September 25, 2012


Diane M. Fremgen

Clerk of Court of Appeals







This opinion is subject to further editing.  If published, the official version will appear in the bound volume of the Official Reports. 


A party may file with the Supreme Court a petition to review an adverse decision by the Court of Appeals.  See Wis. Stat. § 808.10 and Rule 809.62. 





Appeal No. 


Cir. Ct. No.  2009CF552









State of Wisconsin,






Kenneth Pringle, Jr.,






            APPEAL from a judgment of the circuit court for Milwaukee County:  Patricia d. mcmahon, Judge.  Affirmed. 

            Before Curley, P.J., Fine and Kessler, JJ.

1        PER CURIAM.   Kenneth Pringle, Jr., appeals a judgment convicting him of one count of second-degree sexual assault of a child, one count of second-degree sexual assault by use of force, and one count of false imprisonment.  He argues that the circuit court violated his constitutional right to confront the witnesses against him when it allowed testimony at trial from a State Crime Lab DNA analyst who had not performed the DNA analysis done in his case.  We affirm.

2        Debra Kaurala, a State Crime Laboratory DNA analyst, performed DNA testing on evidence collected in this case and prepared a report that showed that no semen or male DNA was present on items submitted for analysis, which included a bed sheet and samples taken from the victim.  Kaurala was not available to testify at trial, so the State called Patricia Diaz, who was also a State Crime Laboratory DNA analyst and had performed a “peer review” of Kaurala’s report before it was approved.  Diaz testified that Kaurala’s report showed that no semen or male DNA had been found on various evidentiary items submitted for analysis.  She also testified about the reasons DNA evidence might not be present in some circumstances.  She testified that DNA evidence would not likely be present where, as here, a victim washes after a sexual assault.  She also testified that semen would not likely be present where a perpetrator does not ejaculate during an assault. 

3        “‘The Confrontation Clause of the United States and Wisconsin Constitutions guarantee criminal defendants the right to confront witnesses against them.’”  State v. Jensen, 2007 WI 26, ¶13, 299 Wis. 2d 267, 277, 727 N.W.2d 518, 523 (citations omitted; some quotation marks omitted); U.S. Const. amend. VI; Wis. Const. art. I, § 7.  “[T]he Confrontation Clause bars admission of an out-of-court-testimonial statement unless the declarant is unavailable and the defendant has had a prior opportunity to examine the declarant with respect to the statement.”  Jensen, 2007 WI 26, ¶15, 299 Wis. 2d at 279, 727 N.W.2d at 524 (citing Crawford v. Washington, 541 U.S. 36, 68–69 (2004)).  Whether admission of evidence violated a defendant’s constitutional right to confront witnesses against him is a question of law that we review de novo.  Jensen, 2007 WI 26, ¶12, 299 Wis. 2d at 277, 727 N.W.2d at 523.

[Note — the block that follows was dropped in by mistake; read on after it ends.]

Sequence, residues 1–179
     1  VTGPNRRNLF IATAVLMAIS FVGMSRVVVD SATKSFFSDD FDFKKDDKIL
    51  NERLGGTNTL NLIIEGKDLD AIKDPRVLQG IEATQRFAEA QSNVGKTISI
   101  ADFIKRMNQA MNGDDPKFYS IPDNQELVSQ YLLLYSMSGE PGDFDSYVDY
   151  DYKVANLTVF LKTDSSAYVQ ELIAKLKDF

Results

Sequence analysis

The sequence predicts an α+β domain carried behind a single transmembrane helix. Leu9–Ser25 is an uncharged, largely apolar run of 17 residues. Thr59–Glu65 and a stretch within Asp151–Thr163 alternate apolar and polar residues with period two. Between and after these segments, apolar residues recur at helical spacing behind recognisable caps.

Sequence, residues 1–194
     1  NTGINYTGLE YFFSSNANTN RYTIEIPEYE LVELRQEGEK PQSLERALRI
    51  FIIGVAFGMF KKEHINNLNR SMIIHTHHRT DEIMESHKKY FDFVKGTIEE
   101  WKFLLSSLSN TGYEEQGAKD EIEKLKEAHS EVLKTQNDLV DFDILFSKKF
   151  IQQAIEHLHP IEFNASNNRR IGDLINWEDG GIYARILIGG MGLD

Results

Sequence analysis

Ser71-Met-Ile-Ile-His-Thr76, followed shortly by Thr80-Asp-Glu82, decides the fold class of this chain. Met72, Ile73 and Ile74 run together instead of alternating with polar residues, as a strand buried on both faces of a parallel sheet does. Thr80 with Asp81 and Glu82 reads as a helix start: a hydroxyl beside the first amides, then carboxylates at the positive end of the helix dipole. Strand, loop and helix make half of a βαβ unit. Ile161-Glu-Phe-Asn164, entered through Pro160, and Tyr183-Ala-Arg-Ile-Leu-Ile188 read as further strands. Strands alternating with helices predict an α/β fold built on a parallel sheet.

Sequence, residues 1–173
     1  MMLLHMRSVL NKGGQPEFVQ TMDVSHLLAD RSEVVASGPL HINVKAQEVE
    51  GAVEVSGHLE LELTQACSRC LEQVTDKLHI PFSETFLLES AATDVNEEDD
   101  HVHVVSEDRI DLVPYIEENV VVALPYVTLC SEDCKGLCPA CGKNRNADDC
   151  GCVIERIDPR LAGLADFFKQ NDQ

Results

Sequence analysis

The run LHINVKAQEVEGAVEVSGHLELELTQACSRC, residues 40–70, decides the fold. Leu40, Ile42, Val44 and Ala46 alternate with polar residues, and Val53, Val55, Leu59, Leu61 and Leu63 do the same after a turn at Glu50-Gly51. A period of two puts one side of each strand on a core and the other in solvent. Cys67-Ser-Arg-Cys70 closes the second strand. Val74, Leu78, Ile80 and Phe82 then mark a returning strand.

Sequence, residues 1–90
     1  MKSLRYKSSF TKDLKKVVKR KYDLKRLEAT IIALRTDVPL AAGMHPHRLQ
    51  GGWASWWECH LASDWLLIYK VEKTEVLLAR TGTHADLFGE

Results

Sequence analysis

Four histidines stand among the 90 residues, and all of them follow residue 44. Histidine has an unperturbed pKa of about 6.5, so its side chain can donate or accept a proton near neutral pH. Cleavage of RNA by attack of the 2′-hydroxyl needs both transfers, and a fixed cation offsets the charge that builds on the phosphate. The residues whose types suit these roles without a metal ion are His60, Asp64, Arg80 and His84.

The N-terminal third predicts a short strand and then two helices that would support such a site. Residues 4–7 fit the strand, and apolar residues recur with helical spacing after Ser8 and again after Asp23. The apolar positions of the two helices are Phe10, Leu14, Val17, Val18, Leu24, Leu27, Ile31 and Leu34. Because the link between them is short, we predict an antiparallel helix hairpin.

4        Pringle argues that the circuit court should not have allowed Diaz to testify about Kaurala’s report because Diaz did not perform the DNA analysis or prepare the report.  Pringle contends that Diaz’s testimony harmed him because it provided an explanation to the jury of why it should not expect DNA evidence in this case and why absence of DNA evidence did not undercut the victim’s assertion that Pringle had assaulted her.

5        We conclude that Diaz’s testimony did not violate Pringle’s right to confront the witnesses against him.  The United States Supreme Court recently held that reports like the one at issue here may be relied on by a testifying expert without violating a defendant’s right to confrontation, even though the person who prepared the report does not testify.  Williams v. Illinois, 567 U.S. ___, 132 S.Ct. 2221.  Moreover, Diaz did not rely on the report in giving the testimony to which Pringle objects.  The portion of Diaz’s testimony that Pringle claims harmed him was not based on information contained in the DNA report.  He challenges Diaz’s general testimony about why DNA evidence might not be found in certain situations.  Diaz’s opinions in this regard were based on her education, training, and extensive experience as a DNA analyst at the State Crime Lab, not on anything in particular in the report, and were subject to thorough cross-examination, as required by the Confrontation Clause.  Pringle’s right to confront the witnesses against him was not violated.


            By the Court.—Judgment affirmed.

            This opinion will not be published.  See Wis. Stat. Rule 809.23(1)(b)5.